Topic Last Modified: 2012-10-15
Three reference architectures are provided to highlight the Microsoft Lync Server 2010 communications software topologies that have been tested and are therefore supported. There are two primary Edge topologies and one alternate:
Primary – Reference Architecture 1: Single consolidated Edge using network address translation (NAT)
For details, see Reference Architecture 1: Single Consolidated Edge.
Primary – Reference Architecture 2: Scaled consolidated Edge using NAT and Domain Name System (DNS) load balancing
For details, see Reference Architecture 2: Scaled Consolidated Edge (DNS Load Balanced).
Alternate – Reference Architecture 3: Scaled consolidated Edge using public IP and hardware load balancing
The recommended approach for deploying Lync Server 2010, Edge Server is to use the Planning Tool to generate an input file for Topology Builder. The reference architectures in this section are not a replacement for that process, but instead are a set of drawings and tables designed to assist with it.
For best results, use the topology flowchart in Defining Your Requirements for External User Access to select a topology and then review the reference architecture section that corresponds to it. The assumptions in the following section apply to all three topologies, and you should review them first.
There are a number of network and environmental factors that can affect Edge Server performance. The reference architectures are designed using best practices to help prevent common configuration issues and are based on the assumptions defined in the following list. If you choose a different configuration (for example, a three-leg perimeter network), you may still be able to make it work, but it is not a configuration that has been tested or supported.
Dedicated perimeter network (also known as a DMZ, demilitarized zone, and screened subnet) with internal and external firewalls.
Lync Server 2010 supports virtualization of Edge servers but the reference architectures assume physical servers are used.
Two network interface cards (NICs) configured as follows:
Edge internal interface is on a different network than the Edge external interface.
The Edge external interface NIC has three IP addresses bound to it (that is, Access, Web Conferencing and A/V, with the Access IP address set to primary and the other two IP addresses set to secondary).
Only one default gateway is configured and it is assigned to the Access Edge external interface and pointed to the external firewall's IP address.
The NIC for the Edge external interface and the NIC for the Edge internal interface are on two separate networks that do not have routing configured between them.
Windows Server 2008 strong host model is used on all Edge Servers. For details, see "The Cable Guy: Strong and Weak Host Models" at http://go.microsoft.com/fwlink/p/?LinkId=178004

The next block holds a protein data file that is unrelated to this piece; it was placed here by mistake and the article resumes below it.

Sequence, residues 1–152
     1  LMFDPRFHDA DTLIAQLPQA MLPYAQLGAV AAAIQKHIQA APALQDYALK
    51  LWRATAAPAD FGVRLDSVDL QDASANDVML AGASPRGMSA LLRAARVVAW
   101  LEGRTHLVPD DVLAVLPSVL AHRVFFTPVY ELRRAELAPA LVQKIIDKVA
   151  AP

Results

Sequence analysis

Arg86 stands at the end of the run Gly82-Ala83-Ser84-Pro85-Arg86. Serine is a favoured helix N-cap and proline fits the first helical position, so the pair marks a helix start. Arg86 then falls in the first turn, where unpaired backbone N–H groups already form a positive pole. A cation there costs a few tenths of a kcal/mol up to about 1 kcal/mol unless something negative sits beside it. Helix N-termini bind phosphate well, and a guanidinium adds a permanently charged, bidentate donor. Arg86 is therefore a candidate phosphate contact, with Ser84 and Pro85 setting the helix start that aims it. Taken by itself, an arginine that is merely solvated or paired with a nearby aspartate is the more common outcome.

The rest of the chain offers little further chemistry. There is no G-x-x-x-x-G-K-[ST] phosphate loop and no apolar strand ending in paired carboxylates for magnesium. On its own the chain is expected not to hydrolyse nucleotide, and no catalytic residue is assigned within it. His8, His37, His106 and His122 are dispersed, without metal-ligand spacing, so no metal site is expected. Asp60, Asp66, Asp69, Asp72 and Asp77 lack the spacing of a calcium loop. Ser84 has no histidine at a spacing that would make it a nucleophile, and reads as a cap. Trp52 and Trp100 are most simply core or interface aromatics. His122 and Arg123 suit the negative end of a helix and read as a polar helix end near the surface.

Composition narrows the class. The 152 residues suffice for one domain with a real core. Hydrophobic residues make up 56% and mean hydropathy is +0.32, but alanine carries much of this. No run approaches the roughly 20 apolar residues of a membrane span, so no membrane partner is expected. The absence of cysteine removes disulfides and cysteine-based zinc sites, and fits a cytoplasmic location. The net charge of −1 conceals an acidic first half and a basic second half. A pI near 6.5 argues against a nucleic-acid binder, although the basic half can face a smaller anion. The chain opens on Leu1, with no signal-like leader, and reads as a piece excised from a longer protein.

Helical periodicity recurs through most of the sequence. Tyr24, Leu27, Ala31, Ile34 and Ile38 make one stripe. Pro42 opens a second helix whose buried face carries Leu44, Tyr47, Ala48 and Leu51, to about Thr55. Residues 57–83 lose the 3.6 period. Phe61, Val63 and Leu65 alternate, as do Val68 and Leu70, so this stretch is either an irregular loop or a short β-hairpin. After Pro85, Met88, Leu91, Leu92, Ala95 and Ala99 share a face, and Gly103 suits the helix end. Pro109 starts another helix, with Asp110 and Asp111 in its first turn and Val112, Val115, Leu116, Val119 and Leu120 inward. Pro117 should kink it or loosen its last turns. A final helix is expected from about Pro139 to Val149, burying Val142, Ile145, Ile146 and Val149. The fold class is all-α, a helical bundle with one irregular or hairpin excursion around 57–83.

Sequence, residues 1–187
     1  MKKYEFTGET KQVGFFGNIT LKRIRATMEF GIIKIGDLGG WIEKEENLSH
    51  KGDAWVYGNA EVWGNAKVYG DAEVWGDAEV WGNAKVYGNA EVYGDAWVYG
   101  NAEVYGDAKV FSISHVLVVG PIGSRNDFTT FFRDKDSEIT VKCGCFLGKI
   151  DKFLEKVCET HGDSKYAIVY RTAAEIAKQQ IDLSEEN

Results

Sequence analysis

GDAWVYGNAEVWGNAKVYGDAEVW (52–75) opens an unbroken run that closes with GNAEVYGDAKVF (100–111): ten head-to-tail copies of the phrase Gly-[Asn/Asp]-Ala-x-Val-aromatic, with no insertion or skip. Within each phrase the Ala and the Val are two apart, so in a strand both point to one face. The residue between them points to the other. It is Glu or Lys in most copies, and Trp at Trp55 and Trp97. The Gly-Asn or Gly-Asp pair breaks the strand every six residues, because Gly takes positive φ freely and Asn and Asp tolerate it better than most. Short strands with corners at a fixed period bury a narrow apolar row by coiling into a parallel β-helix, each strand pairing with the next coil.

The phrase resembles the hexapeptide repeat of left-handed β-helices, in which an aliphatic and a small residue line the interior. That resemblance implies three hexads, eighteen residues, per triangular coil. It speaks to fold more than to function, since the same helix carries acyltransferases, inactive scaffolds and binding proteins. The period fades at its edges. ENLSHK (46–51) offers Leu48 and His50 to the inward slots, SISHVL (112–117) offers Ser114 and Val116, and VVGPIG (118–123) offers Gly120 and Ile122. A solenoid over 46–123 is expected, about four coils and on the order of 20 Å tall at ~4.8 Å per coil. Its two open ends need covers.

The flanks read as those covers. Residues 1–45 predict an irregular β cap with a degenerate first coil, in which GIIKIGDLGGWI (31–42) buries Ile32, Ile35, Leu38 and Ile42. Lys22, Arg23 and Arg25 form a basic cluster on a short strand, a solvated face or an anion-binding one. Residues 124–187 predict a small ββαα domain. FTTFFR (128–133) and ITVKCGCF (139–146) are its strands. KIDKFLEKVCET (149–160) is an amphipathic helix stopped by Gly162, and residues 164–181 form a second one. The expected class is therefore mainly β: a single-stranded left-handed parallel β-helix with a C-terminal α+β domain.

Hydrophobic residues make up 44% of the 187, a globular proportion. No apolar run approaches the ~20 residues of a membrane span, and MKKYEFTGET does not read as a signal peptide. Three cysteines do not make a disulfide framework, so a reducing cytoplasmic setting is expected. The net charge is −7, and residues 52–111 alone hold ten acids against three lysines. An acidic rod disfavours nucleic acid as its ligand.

Director is not shown for simplicity but a Director would typically be deployed to reduce the risk of a denial-of-service (DoS) attack.
There is a route from the network containing the Edge internal interface to any networks that contain Lync 2010 clients or servers running Lync Server 2010.
Split-brain DNS (that is, the same domain hosted on internal and external DNS servers) is not used in the examples specifically to highlight the workarounds required for this configuration but typically it is deployed.
Edge servers are pointed to a DNS server in the perimeter because host files can be difficult to maintain.
All Edge external interfaces use either NAT, with destination IP addresses changed inbound and the source IP addresses changed outbound combined with DNS load balancing. Or, they use publicly routable IP addresses combined with hardware load balancing.
A hybrid configuration with Access Edge service and Web Conferencing Edge service behind NAT and the A/V Edge service configured with a publicly routable IP address, is not supported in Lync Server 2010.
Router and firewall functions are integrated into a single device and for reference, the Edge and reverse proxy server(s) in a perimeter network that is in between an external and internal integrated router/firewall.
Only a single reverse proxy server is shown but if there was a pool of reverse proxy servers deployed in the perimeter network, they would be load balanced using a hardware load balancer because DNS load balancing does not work with client to server web traffic.
After you have selected a topology and determined your certificate, port and DNS requirements, you can use one of the three reference architectures to see how a typical deployment will look. You should then be able to modify the existing tables with your production fully qualified domain names (FQDNs) and IP addresses and use them to assist with your production deployment.